Sometimes even though of us who love sports and work in sports, can get frustrated with the way sports is headed.
Look around. There are a lot of things wrong in sports. Salaries are ridiculously out of line in pro sports. As a result, no one can really afford to go to a game anymore. In college athletics, conference re-alignment is a geographical nightmare.
However, there are times when sports does what it is supposed to do and that is to have a positive impact on society through competition.
Sixty-five years ago this past weekend, sports did just that when Jackie Robinson broke the color barrier in major league baseball. Think about that. It was 1947.
I was not around in the a40’s, but I remember the 60’s well. I went to school in McDowell County when the schools were segregated. I remember when integration took place and some of the awful comments I heard. That was in 1965. Can you imagine what it was like in 1947 for Jackie Robinson?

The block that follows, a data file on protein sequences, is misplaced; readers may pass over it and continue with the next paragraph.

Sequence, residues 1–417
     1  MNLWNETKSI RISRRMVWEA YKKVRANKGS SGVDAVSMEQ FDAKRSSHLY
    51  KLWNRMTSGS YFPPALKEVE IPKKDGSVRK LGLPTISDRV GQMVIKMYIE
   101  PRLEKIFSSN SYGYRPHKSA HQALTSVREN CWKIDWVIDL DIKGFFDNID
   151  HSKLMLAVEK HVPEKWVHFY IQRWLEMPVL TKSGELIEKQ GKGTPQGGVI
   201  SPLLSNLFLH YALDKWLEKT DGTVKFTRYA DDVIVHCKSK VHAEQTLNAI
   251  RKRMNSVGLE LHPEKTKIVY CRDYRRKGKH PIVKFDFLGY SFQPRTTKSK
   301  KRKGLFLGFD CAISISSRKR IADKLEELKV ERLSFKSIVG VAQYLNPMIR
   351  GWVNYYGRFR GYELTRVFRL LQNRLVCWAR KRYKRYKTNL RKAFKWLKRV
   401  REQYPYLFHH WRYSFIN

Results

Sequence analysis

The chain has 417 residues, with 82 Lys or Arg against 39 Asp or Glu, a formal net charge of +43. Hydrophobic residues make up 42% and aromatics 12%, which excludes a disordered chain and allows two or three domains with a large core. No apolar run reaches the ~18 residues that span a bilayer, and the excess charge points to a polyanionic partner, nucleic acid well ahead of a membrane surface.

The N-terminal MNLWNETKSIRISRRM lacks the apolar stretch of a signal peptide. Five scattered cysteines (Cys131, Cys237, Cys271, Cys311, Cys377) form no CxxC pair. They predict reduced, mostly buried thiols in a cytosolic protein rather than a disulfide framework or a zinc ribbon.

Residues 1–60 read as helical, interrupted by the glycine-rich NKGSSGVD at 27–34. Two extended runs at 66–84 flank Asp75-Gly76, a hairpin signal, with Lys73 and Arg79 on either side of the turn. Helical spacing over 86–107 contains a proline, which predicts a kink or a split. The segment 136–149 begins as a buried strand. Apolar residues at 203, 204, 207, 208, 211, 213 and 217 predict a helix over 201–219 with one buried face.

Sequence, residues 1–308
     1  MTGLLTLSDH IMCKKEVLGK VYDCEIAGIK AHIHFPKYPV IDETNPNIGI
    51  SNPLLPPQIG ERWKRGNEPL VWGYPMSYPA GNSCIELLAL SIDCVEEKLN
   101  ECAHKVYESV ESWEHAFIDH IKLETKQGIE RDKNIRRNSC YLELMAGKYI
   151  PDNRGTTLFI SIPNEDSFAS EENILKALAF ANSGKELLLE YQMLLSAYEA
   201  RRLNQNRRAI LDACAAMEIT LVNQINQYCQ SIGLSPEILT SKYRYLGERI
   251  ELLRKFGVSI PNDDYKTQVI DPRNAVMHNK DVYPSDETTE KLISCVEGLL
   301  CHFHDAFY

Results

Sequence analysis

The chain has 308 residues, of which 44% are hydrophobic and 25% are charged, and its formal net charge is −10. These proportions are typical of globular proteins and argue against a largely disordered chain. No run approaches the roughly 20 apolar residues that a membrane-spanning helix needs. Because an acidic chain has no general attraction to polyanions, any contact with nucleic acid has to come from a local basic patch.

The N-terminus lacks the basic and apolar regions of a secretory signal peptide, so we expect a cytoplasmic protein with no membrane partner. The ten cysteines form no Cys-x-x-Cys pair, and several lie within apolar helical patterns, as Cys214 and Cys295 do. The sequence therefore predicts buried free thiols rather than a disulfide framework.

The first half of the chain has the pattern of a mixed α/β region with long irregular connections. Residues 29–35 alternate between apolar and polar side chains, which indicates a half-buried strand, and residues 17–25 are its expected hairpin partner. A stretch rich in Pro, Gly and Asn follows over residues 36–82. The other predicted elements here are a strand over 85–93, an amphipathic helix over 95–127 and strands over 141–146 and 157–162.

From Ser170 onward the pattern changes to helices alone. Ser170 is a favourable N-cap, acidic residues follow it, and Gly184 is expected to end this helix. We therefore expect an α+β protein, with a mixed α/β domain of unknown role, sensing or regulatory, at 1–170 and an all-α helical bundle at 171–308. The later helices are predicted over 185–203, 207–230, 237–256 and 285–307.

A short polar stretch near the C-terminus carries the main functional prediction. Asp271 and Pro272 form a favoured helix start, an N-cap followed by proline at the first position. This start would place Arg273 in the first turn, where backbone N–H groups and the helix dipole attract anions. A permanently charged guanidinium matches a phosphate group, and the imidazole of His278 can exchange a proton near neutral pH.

You can take all of the landmark court cases in our nation’s history that have impacted racials issues. None of them did more for race relations in our country than when Jackie Robinson began playing major league baseball for the Brooklyn Dodgers.
The stress of what Robinson went through put him in an early grave. He died as a young man at the age of 53. He was one of the most important Americans in history. No other athete really can say that. His foundation established by his widow, Rachel, still impacts the lives of young people today.
Jackie Robinson changed more than baseball. He changed many national perceptions on racial ignorance in this country. The day that he broke baseball’s color barrier was the finest hour for sports history in our country. That moment impacted our lives for the good. I would like to think that is what sports is supposed to do.